Brits expect cash to disappear within 20 years, new research shows

The UK could become a cashless society within 20 years, according to research published by London & Partners, the Mayor of London’s promotional company, to coincide with London Technology Week 2016.

A survey of more than 2,000 consumers shows that 68% believe that cashless technologies will completely replace physical money by 2036. The figure is higher in London where three quarters of people said they thought cash would disappear within 20 years.

The data is supported by figures showing the rise in contactless payment technologies. New data from MasterCard shows that contactless spending has increased by 326% year-on-year in the UK.

Last week the Bank of England announced that it will be launching a fintech accelerator programme that will work with technology companies to harness fintech innovations. Mark Carney, The Governor of the Bank of England also remarked that “Financial technology companies will change the nature of money, shake the foundations of central banking and “deliver nothing less than a democratic revolution for all who use financial services”.

London’s status as a leading financial centre and technology hub has helped the UK to become a global leader for financial technologies. Recent research from EY shows that the UK’s fintech sector generated £6.6bn in revenue last year and attracted approximately £524m in investment. The fintech sector is also a major employer supporting 61,000 jobs more than in New York, or in Singapore, Hong Kong and Australia combined.

Speaking at an event during London Technology Week on the growth of the capital’s fintech sector, Gordon Innes, CEO of London & Partners, said: “London is the global leader for fintech. With the world’s leading financial services centre and Europe’s fastest growing technology hub, London’s fintech companies are disrupting the current financial industry and changing the way we interact with money. As a result, they are attracting record levels of investment and world class talent. From peer-to-peer lending companies, such as Funding Circle and Zopa, to remittance companies, such as WorldRemit and TransferWise, London’s fintech companies are pioneering the latest disruptive fintech innovations.”

Elliott Goldenberg, head of digital payments for MasterCard UK & Ireland, said: “We’re in what we might call a perfect storm for payments right now. There is this virtuous circle of creation and adoption in fintech where tech-savvy consumers and entrepreneurs are feeding from each other. No other market combines the expertise, the captive audience and regulatory infrastructure in this way.”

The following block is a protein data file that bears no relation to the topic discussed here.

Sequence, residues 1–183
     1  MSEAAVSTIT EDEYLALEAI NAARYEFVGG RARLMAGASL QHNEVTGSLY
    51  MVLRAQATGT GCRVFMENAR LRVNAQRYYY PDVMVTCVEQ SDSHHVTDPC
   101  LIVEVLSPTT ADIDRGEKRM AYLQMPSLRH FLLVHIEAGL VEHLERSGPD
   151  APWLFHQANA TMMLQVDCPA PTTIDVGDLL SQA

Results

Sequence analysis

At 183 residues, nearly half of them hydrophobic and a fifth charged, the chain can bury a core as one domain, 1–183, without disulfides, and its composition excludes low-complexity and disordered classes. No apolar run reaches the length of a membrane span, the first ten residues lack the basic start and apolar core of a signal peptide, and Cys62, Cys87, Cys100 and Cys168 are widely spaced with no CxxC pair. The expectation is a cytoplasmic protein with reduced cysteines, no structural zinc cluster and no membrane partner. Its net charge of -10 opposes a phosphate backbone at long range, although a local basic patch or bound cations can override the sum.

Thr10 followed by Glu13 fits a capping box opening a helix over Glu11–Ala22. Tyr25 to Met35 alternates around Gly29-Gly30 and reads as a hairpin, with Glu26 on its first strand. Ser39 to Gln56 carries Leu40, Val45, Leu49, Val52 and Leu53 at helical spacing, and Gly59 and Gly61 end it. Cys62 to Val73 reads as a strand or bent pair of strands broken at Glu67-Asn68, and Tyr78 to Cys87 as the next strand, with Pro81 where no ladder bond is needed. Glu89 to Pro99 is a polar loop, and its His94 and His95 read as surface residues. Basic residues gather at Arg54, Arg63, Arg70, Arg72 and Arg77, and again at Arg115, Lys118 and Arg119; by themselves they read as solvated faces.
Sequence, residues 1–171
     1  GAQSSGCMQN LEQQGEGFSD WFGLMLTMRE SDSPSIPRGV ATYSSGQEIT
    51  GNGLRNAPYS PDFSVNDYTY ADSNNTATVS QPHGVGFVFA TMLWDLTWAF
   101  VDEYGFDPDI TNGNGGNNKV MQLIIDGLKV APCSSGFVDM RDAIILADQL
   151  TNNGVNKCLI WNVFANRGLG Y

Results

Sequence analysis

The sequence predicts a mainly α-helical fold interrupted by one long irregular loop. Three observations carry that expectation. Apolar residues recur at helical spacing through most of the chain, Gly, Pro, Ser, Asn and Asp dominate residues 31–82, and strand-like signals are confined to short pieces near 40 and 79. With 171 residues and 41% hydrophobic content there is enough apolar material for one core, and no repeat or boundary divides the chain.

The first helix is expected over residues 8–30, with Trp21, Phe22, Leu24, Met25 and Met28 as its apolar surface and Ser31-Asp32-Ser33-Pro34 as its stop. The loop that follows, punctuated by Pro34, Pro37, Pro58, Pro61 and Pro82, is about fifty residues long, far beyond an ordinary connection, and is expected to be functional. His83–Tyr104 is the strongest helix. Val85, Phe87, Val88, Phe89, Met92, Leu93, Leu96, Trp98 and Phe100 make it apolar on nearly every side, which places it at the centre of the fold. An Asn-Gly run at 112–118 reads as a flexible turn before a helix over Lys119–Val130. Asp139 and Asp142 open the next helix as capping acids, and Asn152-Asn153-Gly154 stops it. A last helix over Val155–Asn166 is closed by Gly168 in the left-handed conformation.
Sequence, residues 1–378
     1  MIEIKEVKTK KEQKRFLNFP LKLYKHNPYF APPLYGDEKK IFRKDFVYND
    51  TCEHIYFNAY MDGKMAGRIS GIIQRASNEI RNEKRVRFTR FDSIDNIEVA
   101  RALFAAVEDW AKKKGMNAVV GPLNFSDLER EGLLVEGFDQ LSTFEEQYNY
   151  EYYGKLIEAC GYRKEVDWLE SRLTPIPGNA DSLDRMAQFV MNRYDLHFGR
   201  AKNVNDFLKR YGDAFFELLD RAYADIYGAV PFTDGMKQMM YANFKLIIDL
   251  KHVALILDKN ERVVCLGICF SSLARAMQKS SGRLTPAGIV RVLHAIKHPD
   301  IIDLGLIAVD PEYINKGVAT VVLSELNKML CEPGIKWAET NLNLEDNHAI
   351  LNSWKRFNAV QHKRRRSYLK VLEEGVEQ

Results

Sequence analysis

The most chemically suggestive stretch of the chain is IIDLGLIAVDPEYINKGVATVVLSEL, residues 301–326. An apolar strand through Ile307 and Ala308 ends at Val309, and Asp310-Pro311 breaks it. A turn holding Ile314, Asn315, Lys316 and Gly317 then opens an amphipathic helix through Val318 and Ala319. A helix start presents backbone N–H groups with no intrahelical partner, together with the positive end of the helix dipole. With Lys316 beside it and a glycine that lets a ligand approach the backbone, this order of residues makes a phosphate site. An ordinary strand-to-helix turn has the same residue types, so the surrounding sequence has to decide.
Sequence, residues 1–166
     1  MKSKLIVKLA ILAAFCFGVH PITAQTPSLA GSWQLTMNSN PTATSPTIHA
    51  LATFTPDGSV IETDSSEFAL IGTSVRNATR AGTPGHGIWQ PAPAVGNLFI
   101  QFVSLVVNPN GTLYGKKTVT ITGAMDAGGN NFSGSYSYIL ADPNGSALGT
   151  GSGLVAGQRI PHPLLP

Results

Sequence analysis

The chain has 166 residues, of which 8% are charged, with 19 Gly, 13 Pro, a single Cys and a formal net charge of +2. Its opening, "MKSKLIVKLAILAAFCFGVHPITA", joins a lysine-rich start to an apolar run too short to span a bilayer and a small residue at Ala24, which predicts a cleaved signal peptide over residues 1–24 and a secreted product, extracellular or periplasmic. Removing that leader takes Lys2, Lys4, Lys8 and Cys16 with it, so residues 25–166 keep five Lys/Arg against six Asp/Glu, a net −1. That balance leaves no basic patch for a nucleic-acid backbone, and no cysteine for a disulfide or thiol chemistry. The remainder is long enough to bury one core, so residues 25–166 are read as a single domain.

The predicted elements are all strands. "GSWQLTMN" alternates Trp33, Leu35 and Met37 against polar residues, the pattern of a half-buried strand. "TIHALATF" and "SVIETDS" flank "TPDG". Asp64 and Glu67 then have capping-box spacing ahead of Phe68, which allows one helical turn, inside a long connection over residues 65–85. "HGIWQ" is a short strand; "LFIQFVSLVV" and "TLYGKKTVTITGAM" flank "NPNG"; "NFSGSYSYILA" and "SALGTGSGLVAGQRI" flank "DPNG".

London is widely recognised as a leading global city for the development and adoption of fintech technologies. Figures from EY’s Fintech Adoption Index show that 25 per cent of digitally active Londoners identify themselves as fintech users compared with 14 per cent across the UK.

The rapid adoption of new payment technologies has been cited by experts as a critical factor in in the flood of investment coming into the UK’s fintech industry.

At Tuesday’s event, MasterCard will unveiled the latest intake of fintech start-ups into its global Start Path programme. The UK fintech industry is now so dominant that 25% of all Start Path businesses are British.

These include Everledger, a Whitechapel-based firm that uses blockchain technology to authenticate and certify diamonds and other luxury goods. Another east London business teaming up with MasterCard is Revolut, an app that allows users to seamlessly exchange, send and spend money around the world or online.

Eileen Burbidge, investor and HM Treasury Fintech Envoy, said: “The UK is emerging as the fintech centre of the world and London is the jewel in the crown of the UK’s fintech success story. With record levels of investment, access to talent, a growing culture of entrepreneurship and progressive policy makers and regulators, we have all of the right ingredients for success. I am confident that London leads the likes of Silicon Valley and Wall Street. Unlike the US, the growth of London and the UK’s fintech sector is being boosted by collaboration between key decision makers from the financial services and technology communities, as well as the policy makers in government.”

The consumer research by London & Partners has been released to coincide with an event at London Technology Week, hosted by London & Partners and MasterCard. The event will convene leading figures from financial services and tech, high growth startups, investors, accelerators and other influencers to explore how fintech innovations are transforming our lives and the world economy.